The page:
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Five Trends to Watch in Banking

Strategically Speaking
Jan 8, 2014

Brandon Kunz Author: Brandon Kunz,

At a local FinTech event this fall I heard the comment from a person representing a leading venture capital firm that right now is an ideal time to compete against banks.  Why?  He noted the inability of many financial institutions to pursue innovation internally, as well as the inability of many financial institutions to source innovation from their primary solution providers; either through difficult procurement policies or lack of innovation from the providers themselves.

He further indicated that this lack of innovation would lead to openings for startups and other organizations to trump financial institutions and siphon off highly profitable business in what would otherwise be the domain of leading banks and credit unions.  I won’t debate the merits of his arguments here:  I’m sure we’ve all heard or shared similar concerns in the past.  However, I thought I would take the opportunity to outline my personal “top five list” for what is coming in banking, as a starting point in the pursuit of innovation. 

  • Branch transformation – In the last month or so I was asked by one of my children (7th grade) “what is a branch?” and by another (4th grade) “what is an ATM?”  This caused me to reflect on the meaning of those terms, and to imagine a world where financial institutions maintain a physical presence in the markets they serve, but branches aren’t branches anymore.  Perhaps they aren’t stores either.  The stratification of roles and responsibilities in the branch will be long gone and some roles, like the teller (including the “universal banker with a transaction processing focus” mentioned at BAI Retail Delivery 2013), will be abandoned.  Instead, a bank customer will have the opportunity to initiate a wide array of transactions and service requests on a host of self-service devices in and out of the “branch”.  Problems and questions would be escalated through the transparent migration of activities from low touch to high touch channels, with sales opportunities quickly identified and fulfilled in real-time regardless of time of day, location of resources, and complexity of need.  Convenience will be defined by the individual and, most importantly, banking capabilities will not be tied to any particular device, but be managed in “the cloud.”  The introduction of kiosk applications and expansion of transaction automation capabilities has already started this transformation.  Done right, financial institutions’ cost structures will dramatically improve while the range of solutions and service capabilities afforded tomorrow’s customer broaden and become more valuable.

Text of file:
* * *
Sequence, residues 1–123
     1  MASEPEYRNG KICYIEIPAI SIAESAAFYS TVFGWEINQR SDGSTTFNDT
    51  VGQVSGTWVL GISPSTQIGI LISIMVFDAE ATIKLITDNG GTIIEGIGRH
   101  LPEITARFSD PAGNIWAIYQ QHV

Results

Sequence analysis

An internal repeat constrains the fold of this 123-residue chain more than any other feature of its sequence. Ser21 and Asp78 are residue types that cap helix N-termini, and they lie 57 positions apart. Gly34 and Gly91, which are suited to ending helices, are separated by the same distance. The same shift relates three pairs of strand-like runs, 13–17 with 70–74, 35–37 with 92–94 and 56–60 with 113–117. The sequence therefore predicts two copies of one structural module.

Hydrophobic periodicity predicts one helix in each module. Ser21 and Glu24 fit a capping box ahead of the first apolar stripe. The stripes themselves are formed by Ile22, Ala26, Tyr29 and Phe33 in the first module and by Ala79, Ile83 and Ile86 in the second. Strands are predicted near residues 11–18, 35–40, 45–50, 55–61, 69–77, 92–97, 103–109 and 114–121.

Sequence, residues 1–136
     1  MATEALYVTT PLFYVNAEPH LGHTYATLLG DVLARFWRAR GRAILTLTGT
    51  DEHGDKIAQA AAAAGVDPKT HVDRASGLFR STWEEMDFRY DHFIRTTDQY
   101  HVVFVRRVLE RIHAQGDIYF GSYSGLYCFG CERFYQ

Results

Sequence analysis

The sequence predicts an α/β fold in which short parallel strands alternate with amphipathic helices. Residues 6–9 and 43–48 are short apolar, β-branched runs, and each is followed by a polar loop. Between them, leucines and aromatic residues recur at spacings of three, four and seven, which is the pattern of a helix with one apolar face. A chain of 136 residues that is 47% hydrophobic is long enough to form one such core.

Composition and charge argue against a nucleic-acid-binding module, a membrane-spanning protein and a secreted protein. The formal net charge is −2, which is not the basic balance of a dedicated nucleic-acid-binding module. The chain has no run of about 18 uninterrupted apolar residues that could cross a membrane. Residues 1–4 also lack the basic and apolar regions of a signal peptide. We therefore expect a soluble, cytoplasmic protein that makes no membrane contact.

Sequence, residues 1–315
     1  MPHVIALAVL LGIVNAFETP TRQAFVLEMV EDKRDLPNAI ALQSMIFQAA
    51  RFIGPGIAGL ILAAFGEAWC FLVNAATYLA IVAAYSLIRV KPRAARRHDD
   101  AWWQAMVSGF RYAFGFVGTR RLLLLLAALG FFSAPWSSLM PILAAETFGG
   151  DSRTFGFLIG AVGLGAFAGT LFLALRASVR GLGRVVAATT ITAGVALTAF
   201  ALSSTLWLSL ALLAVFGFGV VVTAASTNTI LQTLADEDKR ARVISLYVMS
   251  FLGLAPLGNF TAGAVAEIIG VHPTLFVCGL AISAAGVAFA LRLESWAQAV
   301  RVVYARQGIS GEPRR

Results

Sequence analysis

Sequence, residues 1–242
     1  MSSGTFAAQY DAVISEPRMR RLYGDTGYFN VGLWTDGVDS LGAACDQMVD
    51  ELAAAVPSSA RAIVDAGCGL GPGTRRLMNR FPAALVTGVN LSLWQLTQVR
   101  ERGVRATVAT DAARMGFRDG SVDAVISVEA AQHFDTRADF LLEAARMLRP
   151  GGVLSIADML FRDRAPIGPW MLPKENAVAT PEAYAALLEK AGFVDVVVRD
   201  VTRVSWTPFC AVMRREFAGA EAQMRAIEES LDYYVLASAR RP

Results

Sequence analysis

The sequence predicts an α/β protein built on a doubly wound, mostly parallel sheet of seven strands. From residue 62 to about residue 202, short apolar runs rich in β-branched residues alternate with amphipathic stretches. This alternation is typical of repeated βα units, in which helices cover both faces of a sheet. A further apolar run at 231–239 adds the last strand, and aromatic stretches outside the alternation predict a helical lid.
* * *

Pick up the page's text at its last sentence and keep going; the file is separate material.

• Small business – Now let's imagine a world where all of the excitement and innovation we have seen in the consumer financial and payments arena over the past several years is redirected or matched in the world of small business.  A world where an entrepreneur will be able to get everything needed to start and manage a business from, and with the support and guidance of, their financial institution.  Valuable and comprehensive fee-based mobile commerce, mobile banking, and payment solutions will be packaged together seamlessly to meet the needs of a wide variety of market segments and individual clients; all offered friction free.  A level playing field will be afforded where a small business can compete effectively online and offline anywhere in the world against much larger competitors.  Mobile centric business solutions will expand the size of the market financial institutions target for the benefit of all stakeholders and allow for economies of scale much earlier in solution lifecycles.